Tag Archives: Keith Hutson

Sunday Poem – Alison Brackenbury

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Sunday Poem – Alison Brackenbury

I’m happy to say I’m in a bit better shape than I was last Sunday when I wrote.  I’ve not had any recurring gall bladder attacks.  I’ve managed to stick to this wretched diet now for 11 days, although I did have a mishap two nights ago.  I was googling ‘healthy biscuits’ and read that Rich Tea biscuits are the healthiest.  So I cracked open the packet and ate six in one go..  When I saw my running buddy the next day, he helpfully pointed out that they are only healthy in relation to other biscuits, they still have loads of fat in.  So I was a bit annoyed at myself for this, and spent the night worrying that I was going to end up in hospital and I would have to confess I’d scoffed loads of biscuits.  Anyway, it hasn’t happened so far, so I think I will be ok.

It is strange and kind of exhausting having to worry about what I’m eating all the time.  I feel like I’m thinking about food every minute of the day at the minute, as if I’m hungry all the time.  I have now got an appointment at the hospital for the 24th November to see the consultant, so I will know more then hopefully about when the operation is going to be.

I haven’t ran all week, which has been awful.  I actually feel less mentally stable when I can’t run.  This week, I’ve burst into tears at absolutely nothing about five times, which has been a bit embarrassing.

I’ve been working quite hard on PhD stuff – trying to get my head around this RD1 form that has to be handed in mid-december, probably just about the time I will be recovering from this operation!  I’m really struggling with the RD1, with knowing what I want to do, with articulating what I want to do, with making it into a research project – all of it.

For the first time this week, I wondered what I was doing, starting a PhD, as in what have I let myself in for, and why did I have the cheek to think I could do a PhD? I feel like I’m just playing at doing a PhD, and soon someone will find me out and I’ll be in trouble.  I guess this is what they call imposter syndrome.  The logical and rational part of my brain is telling myself that this is just a wobble, that it is happening because I’m feeling vulnerable because I’ve been to hospital, because I’ve got to have an operation etc etc.  But the other part of me is basically having a silent panic attack about it all.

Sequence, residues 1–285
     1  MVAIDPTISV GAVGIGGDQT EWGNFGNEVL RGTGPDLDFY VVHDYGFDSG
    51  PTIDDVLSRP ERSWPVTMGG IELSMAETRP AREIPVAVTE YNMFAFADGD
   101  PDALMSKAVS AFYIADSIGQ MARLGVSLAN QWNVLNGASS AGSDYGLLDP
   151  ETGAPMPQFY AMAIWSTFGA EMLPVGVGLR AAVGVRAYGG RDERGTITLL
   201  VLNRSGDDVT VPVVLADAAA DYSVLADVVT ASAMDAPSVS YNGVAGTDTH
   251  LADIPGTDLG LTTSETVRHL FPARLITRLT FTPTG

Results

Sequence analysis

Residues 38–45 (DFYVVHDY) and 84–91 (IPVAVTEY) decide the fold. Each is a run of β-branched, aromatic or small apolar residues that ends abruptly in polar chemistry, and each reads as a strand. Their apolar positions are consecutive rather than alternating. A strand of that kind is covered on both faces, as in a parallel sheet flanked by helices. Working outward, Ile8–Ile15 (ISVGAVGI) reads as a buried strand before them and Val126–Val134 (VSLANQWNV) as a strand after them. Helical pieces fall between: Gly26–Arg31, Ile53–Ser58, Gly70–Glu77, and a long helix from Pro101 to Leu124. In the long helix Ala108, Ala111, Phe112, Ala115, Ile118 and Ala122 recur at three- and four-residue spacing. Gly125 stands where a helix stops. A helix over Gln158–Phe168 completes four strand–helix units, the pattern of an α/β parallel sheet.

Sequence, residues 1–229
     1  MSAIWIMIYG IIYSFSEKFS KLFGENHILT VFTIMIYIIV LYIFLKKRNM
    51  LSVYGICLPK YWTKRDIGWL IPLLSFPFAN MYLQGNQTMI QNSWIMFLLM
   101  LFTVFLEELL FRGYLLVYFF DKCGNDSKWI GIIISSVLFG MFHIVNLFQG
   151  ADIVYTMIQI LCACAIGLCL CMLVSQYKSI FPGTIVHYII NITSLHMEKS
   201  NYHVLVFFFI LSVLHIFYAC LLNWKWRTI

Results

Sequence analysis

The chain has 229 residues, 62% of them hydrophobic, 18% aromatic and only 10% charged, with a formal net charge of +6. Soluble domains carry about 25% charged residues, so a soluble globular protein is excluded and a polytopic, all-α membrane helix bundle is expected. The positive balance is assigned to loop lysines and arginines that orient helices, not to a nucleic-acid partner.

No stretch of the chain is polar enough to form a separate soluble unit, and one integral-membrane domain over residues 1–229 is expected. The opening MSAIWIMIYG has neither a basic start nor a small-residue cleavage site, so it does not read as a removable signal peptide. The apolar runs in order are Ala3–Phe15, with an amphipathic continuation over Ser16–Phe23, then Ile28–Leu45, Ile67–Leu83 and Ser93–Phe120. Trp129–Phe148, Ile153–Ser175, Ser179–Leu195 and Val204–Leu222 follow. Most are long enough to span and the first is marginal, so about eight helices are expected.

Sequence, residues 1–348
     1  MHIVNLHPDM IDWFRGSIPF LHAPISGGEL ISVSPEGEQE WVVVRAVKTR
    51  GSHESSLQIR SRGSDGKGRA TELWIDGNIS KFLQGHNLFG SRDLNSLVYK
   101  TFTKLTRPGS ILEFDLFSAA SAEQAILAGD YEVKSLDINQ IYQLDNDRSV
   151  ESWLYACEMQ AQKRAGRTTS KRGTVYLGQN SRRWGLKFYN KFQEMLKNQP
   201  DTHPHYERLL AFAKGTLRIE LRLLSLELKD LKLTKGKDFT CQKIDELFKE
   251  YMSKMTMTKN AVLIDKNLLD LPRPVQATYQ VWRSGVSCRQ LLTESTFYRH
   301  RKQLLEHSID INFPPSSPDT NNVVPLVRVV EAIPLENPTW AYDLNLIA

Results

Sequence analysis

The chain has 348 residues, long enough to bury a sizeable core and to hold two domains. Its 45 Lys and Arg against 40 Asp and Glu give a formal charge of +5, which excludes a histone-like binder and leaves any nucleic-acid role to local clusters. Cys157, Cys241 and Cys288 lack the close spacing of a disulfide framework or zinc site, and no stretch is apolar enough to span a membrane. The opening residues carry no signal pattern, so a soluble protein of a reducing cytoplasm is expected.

So apart from this existential crisis about food, life and the PhD, it has been a pretty quiet week! I’ve been taking it easy, getting some work done but no physical exercise.  I did my day of teaching at the uni on Thursday.  I even spent a whole day where I just edited some poems, which I really enjoyed doing.

I regularly ring the hotels that I run the residentials at for a bit of a chat and a gossip with the staff.  I rang Treloyhan Manor Hotel last night to see how numbers were going for St Ives.  There are still 3 rooms left, and there is an option to have a non en-suite room (so with a shared bathroom) for £365.  I think that is a bargain! Included in that price is breakfast, three-course meals and workshops and readings all week.  An en-suite room is £420 for the week.  The course is running from the 20th-25th February 2017.  If you’d like to grab one of those last few places, you can book by ringing the hotel on 01736 796240.  Or if you’d like more information about the theme for the week, you can have a look here.  If you’d like more information about the hotel, you can have a look at the Treloyhan Manor website.  The hotel is about a ten minute walk away from St Ives, and is perched on a cliff next to the sea.